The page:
# Biological sequences as pictures – a generic two dimensional solution for iterated maps

- Jonas S Almeida
^{1}Email author and - Susana Vinga
^{2, 3}

**10**:100

https://doi.org/10.1186/1471-2105-10-100

© Almeida and Vinga; licensee BioMed Central Ltd. 2009

**Received: **28 May 2008

**Accepted: **31 March 2009

**Published: **31 March 2009

## Abstract

### Background

Representing symbolic sequences graphically using iterated maps has enjoyed an enduring popularity since it was first proposed in Jeffrey 1990 as chaos game representation (CGR). The usefulness of this representation goes beyond the convenience of a scale independent representation, it provides a variable memory length representation of transition. This includes the representation of succession with non-integer order, which comes with the promise of generalizing Markovian formalisms. The original proposal targeted genomic sequences only but since then several generalizations have been proposed, many specifically designed to handle protein data.

### Results

The challenge of a general solution is that of deriving a bijective transformation of symbolic sequences into bi-dimensional planes. More specifically, it requires the regular fractal nesting of polygons. A first attempt at a general solution was proposed by Fiser 1994 by using non-overlapping circles that contain the polygons. This was used as a starting point to identify a more efficient solution where the encapsulating circles can overlap without the same happening for the sequence maps which are circumscribed to fractal polygon domains.

### Conclusion

We identified the optimal inscribed packing solution for iterated maps of any Biological sequence, indeed of any symbolic sequence. The new solution maintains the prized bijective mapping property and includes the Sierpinski triangle and the CGR square as particular solutions of the more encompassing formulation.

## Keywords

## Background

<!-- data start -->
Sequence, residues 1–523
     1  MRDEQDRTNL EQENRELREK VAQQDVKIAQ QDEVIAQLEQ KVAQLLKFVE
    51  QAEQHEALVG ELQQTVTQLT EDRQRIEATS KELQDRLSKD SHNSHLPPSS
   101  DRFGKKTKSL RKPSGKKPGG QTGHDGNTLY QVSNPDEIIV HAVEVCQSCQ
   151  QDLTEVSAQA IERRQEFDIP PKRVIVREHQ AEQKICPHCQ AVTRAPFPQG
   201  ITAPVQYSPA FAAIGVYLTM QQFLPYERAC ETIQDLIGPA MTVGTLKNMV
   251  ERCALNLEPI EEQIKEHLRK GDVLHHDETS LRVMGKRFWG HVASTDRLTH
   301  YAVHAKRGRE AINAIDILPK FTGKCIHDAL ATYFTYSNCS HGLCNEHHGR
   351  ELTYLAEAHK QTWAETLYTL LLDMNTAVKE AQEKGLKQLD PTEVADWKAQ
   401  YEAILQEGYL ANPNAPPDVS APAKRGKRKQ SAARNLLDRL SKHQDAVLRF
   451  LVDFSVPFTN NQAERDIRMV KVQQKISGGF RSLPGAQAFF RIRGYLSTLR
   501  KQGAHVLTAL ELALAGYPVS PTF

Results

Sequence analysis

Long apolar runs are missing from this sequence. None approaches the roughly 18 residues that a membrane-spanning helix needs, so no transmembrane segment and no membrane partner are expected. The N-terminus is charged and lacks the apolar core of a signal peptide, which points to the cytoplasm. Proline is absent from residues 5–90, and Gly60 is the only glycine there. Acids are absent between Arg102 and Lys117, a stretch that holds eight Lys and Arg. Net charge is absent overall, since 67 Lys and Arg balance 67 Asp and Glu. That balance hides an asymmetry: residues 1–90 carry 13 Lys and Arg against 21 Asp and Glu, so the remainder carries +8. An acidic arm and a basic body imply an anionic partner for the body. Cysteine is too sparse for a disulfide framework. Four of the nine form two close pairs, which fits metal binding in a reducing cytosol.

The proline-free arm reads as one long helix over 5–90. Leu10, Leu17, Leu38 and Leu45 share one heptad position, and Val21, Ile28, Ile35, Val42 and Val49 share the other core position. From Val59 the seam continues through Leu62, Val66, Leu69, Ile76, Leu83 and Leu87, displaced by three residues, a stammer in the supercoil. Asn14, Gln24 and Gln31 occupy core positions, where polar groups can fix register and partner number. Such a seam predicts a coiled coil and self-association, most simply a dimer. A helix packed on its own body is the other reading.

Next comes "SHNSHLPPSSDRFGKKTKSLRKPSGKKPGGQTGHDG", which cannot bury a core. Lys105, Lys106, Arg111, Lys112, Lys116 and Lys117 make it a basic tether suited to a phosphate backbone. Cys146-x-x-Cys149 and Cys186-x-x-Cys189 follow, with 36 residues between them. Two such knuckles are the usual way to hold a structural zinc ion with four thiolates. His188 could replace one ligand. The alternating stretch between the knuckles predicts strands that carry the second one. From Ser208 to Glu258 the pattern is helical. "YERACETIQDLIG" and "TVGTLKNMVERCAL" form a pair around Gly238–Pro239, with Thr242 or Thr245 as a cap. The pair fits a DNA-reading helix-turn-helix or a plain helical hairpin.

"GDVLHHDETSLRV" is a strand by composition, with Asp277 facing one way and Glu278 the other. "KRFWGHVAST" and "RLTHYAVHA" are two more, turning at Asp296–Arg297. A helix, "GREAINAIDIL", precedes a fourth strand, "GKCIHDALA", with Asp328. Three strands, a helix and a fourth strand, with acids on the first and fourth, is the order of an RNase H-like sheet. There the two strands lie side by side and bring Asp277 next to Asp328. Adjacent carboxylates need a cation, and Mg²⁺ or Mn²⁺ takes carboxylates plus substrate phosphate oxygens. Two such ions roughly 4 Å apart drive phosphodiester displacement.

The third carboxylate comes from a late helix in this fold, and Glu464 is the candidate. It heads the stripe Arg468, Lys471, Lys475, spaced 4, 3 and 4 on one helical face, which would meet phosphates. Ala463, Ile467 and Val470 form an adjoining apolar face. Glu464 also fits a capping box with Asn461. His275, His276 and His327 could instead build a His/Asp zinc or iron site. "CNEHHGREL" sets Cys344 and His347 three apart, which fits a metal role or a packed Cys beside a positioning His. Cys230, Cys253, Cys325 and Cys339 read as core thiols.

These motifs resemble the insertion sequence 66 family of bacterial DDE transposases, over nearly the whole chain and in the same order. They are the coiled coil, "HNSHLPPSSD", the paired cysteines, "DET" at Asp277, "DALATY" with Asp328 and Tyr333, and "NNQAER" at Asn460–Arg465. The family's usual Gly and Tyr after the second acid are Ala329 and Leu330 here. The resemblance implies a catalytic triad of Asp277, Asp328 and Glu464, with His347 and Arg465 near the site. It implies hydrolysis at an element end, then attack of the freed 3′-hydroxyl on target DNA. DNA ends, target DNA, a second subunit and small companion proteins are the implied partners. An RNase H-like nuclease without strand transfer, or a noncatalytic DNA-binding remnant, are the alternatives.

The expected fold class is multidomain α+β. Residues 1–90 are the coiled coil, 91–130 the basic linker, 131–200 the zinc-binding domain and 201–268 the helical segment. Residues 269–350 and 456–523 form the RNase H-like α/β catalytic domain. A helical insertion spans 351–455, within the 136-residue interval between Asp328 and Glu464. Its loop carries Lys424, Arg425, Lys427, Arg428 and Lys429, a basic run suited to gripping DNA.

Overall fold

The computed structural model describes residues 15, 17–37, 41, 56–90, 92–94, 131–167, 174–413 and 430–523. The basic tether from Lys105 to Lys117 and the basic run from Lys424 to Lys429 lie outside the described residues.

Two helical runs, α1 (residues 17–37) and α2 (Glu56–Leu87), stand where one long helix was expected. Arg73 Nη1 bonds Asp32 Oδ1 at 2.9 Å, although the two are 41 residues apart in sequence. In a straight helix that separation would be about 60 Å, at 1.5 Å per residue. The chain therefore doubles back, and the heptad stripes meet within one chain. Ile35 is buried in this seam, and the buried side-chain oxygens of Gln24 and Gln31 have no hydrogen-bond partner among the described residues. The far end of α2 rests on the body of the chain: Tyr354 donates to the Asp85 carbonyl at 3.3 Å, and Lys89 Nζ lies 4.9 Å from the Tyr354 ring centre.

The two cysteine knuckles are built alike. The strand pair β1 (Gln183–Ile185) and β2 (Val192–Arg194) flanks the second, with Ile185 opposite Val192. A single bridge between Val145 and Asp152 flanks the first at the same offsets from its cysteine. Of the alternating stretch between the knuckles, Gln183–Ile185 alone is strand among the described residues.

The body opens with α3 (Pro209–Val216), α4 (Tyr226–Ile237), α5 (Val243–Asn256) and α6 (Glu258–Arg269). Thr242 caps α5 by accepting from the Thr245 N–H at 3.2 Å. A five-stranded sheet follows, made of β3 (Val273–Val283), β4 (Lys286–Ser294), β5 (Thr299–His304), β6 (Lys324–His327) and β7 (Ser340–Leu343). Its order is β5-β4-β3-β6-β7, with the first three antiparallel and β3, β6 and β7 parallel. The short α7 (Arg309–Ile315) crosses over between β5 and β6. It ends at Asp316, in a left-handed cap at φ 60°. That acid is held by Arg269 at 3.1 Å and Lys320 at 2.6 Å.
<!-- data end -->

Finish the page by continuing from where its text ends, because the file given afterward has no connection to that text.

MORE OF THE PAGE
The use of iterative functions to represent nucleotide sequence was originally proposed in 1990 with the designation of Chaos Game Representation, CGR [1]. Since then, the CGR technique evolved from being a graphic representation technique into becoming a platform for pattern recognition [2–9], screening entropic properties [2, 10–12], and finally into a generalization of Markov Transition tables [13, 14]. That conclusion was further generalized for any symbolic sequence [15] where a dissimilarity metric was also proposed and routes for efficient implementation were established [16]. The emerging interest in alignment-free sequence analysis techniques [17], in particular for application to proteomic sequences, raises the prospect of a wider use of CGR and CGR-related techniques [18, 19] capable of exploratory sequence analysis of whole genomes [20–22]. We have subsequently examined the advantage of using non-genomic word-statistics (integer order) for Biological sequence analysis [23] with an application to the SCOP protein database [24]. The strengths of that approach suggest that even more interesting results would be achieved by order-free analysis. However, the potential of hyper-dimensional generalization of CGR such as the use of Universal Sequence Maps, USM [25], are hard to convey and realize in the absence of a 2D projection that retains the bijective mapping property of this technique. This conclusion is particularly clear in a recent report exploring CGR application to aminoacid sequences [26]. In that work, in order to benefit from the scale independency of Chaos Game applied to proteins, the reverse encoding of the aminoacid sequences back to the 4 unit alphabet nucleotide sequences is the solution of choice. Furthermore, as detailed in the derivation of sequence similarity metrics and density kernel functions [13–15], CGR is most useful as a bijective mapping of a sequence of symbols into a numeric vector of the same length, rather than as a technique to compress sequences into individual points. Accordingly, the work reported here is driven by the need to advance the identification of a 2D projection of the vector of CGR positions that is still applicable to longer, often non-genomic, alphabets.